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Inside the Mind of Greg Hackney

provided by John E. Phillips

Ever since Mossy Oak Fishing Team Member Greg Hackney of Gonzales, Louisiana, was a boy, one of the biggest advantages he’s always had was his dad, Roger. “My daddy was my biggest fan,” Greg Hackney explains. “He was my sponsor and put 100 percent of his effort into my fishing journey. Back then, I had two passions: fishing and working in the logging industry. I spent most of my time on the water, but working for my dad’s logging company helped me support my fishing dream.” Hackney went to college for two years with a concentration in business and dropped out because he admits, “I liked to fish too much.” Hackney is a bass angler who’s a World Champion after winning the 2018 General Tire World Championship, a Forest Wood Cup Champion in 2009 and an Elite Series Angler-of-the-Year in 2014 – earning more than $3.7 million in career earnings to date. To learn more about Hackney, visit his Facebook page.

Greg Hackney fishing

Greg Hackney’s Journey of Becoming a Professional Fisherman

If there’s ever been a person who defines the words passion (a strong feeling of enthusiasm or excitement for something or about doing something) and obsession (an idea or thought that continually preoccupies or intrudes on a person's mind), it’s Greg Hackney. Hackney always has been totally driven from a very young age to become a professional bass fisherman. 

As proof of this, Hackney explains, “On May 8, 1999, I married my wife Julie and left the next day to fish an EverStart tournament. I finished this tournament in 5th place, and we didn’t have our honeymoon until August of that year. I told Julie before we got married that my goal in life was to become a professional bass fisherman. Today, she runs the household while I’m gone. Overall, Julie is a mother of four children, helps me with my fishing business and is also a veterinarian. So, to say she’s multi-talented is an understatement.”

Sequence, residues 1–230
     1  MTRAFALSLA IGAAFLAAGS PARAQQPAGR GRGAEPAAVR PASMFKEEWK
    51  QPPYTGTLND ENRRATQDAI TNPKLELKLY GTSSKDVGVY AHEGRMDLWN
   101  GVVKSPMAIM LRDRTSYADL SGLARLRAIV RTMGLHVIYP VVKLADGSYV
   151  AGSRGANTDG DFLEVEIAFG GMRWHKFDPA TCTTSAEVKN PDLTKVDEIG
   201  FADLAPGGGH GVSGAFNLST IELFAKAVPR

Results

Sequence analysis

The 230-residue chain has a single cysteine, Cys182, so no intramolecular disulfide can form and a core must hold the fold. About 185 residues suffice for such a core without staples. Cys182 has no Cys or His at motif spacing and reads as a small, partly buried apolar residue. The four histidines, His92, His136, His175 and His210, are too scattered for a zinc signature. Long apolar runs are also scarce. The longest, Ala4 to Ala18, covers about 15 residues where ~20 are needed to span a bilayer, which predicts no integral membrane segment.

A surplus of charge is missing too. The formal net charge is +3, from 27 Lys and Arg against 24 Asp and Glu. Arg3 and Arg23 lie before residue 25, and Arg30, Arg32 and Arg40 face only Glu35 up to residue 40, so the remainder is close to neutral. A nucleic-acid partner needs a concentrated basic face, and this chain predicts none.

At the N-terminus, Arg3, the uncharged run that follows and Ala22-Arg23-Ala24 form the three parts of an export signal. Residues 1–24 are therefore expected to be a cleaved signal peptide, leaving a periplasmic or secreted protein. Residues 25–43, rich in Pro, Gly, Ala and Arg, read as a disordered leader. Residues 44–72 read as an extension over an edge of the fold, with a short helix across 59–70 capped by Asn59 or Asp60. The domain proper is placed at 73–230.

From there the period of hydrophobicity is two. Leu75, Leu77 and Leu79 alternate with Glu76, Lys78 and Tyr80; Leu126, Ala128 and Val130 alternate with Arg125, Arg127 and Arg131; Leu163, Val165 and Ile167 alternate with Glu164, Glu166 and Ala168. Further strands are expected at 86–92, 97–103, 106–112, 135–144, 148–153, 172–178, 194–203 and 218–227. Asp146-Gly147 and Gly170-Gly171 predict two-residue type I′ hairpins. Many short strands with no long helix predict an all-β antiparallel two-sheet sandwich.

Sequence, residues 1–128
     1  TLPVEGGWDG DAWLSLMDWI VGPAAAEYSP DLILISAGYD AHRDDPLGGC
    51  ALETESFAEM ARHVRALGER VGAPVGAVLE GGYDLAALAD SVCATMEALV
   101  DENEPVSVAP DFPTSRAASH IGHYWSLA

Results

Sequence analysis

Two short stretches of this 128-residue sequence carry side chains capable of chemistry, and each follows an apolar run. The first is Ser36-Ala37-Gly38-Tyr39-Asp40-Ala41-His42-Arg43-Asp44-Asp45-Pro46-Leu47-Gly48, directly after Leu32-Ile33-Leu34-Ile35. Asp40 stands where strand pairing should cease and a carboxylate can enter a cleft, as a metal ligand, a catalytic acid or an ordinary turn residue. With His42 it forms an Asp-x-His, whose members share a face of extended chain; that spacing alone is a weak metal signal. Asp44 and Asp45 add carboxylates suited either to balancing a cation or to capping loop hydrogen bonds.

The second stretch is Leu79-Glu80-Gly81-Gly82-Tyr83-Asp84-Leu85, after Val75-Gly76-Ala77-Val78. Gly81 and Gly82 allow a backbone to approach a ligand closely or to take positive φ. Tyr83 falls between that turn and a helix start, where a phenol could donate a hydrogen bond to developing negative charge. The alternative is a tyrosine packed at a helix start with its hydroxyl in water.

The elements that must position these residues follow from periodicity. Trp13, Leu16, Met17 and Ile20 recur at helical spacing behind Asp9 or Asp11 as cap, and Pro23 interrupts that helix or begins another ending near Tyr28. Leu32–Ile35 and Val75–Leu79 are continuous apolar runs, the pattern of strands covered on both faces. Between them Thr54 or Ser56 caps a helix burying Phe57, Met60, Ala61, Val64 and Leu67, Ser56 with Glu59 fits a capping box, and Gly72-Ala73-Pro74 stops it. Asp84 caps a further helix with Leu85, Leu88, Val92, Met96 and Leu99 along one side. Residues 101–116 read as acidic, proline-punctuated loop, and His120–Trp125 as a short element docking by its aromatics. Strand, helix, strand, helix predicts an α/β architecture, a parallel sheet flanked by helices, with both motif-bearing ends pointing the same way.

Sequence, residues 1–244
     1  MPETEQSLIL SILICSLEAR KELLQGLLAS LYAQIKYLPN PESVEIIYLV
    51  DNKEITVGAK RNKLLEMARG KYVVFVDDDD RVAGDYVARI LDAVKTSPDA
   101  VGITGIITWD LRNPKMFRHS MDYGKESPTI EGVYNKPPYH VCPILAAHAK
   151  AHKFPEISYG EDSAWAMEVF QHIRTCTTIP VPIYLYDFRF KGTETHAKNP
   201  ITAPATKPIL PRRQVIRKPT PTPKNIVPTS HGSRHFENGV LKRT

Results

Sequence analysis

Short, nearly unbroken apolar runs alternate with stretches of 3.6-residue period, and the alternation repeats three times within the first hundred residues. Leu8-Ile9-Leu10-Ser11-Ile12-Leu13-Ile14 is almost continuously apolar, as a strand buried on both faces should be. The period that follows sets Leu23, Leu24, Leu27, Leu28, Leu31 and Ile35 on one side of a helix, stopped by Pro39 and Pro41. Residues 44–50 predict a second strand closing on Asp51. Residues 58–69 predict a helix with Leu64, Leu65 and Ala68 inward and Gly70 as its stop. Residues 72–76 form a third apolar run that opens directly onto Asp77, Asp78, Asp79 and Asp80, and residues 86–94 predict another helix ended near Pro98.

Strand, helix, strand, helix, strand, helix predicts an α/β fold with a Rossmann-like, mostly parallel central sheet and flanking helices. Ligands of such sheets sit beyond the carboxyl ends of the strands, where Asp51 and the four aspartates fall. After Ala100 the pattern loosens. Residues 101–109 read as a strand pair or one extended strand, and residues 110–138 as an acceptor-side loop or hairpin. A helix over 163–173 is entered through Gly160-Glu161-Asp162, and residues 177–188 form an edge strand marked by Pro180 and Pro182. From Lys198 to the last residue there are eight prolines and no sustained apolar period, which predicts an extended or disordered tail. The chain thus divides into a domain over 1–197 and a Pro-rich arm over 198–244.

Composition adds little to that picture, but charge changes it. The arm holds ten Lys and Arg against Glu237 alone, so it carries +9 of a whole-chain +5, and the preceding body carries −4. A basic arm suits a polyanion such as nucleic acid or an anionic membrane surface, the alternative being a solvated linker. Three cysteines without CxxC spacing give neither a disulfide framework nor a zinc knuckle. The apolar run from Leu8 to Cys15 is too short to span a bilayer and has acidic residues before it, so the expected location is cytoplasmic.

Recently, when we caught up with Hackney, he had just finished the Bassmaster Elite Series tournament on the St. John’s River in Florida in March, 2021. After four days of fishing, Hackney caught a little over 69 pounds with a daily five-fish limit. For his effort, he came in second place and went home with a check of $35,000, bringing his total winnings from tournament fishing to about $4 million dollars, excluding sponsor money or any bonus money. 

Phillips: When you were a little boy, would you ever have believed you would earn $35,000 for four days of fishing?

Hackney: No, although, I always dreamed of becoming a professional angler. 

Phillips: What were you doing before you became a professional angler?

Hackney: I worked for my dad, who was a logging contractor. While working with him, I gained experience driving cut machines, skidders and loaders, and also learned how to run a chainsaw. When one of my dad’s employees was sick or on vacation, I’d just take over his jobs until he returned to work. During that time, I pretty much did everything that a logging contractor does and was glad to have the work.